Masters was convicted of murder in 1999, and Broderick was the lead investigator on the case. After Masters was released and legally cleared the city and county paid him a $10 million legal settlement. Prosecutors then brought perjury charges against Broderick.
Broderick maintained his innocence. He had been on paid leave for several years after the charges were filed. In a book published last year, Masters blamed Broderick for lying during the trial.
Prosecutors today said a recent legal ruling throwing out some of the charges they brought cast the entire prosecution into question, and that they had a legal obligation to not pursue a case they didn't believe they could win.
"The two counts that were dismissed by the trial court were critical to this case," Weld County District Attorney Ken Buck said in a statement. "Without the ability to pursue those charges, we simply do not believe the case could be proven to a jury beyond a reasonable doubt. As prosecutors, we have an ethical obligation to only pursue charges that have a reasonable likelihood of resulting in a conviction."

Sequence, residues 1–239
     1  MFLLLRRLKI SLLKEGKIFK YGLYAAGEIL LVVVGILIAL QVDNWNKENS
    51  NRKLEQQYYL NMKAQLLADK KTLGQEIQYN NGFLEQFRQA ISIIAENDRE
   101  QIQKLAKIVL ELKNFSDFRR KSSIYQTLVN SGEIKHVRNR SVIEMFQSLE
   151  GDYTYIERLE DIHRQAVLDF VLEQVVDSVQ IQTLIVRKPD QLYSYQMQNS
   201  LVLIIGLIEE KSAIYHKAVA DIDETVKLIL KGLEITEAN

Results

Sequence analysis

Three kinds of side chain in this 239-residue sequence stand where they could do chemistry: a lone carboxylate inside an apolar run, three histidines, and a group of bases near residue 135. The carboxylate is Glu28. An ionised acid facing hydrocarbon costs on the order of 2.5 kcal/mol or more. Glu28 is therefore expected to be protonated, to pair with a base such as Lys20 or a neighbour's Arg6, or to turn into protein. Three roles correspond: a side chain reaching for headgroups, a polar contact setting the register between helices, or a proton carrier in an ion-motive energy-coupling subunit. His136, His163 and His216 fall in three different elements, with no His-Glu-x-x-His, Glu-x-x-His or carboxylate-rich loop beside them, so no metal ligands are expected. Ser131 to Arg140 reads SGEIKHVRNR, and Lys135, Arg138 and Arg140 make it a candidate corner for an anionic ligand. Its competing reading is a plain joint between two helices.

Broderick was accused of lying in the investigation and wrongful conviction of Tim Masters for the 1987 murder of Peggy Hettrick in Fort Collins.
The two counts that were previously dismissed by the trial court included:
- An allegation that Broderick lied when he testified that there was only one shoe print impression at the murder scene made by a Thom McAn shoe.
-An allegation that Broderick lied about the color of spray paint on a bridge near the murder scene.
Buck's office was brought in to consider charges against Broderick because the Larimer County District Attorney's office worked closely with Broderick during the original case against Masters.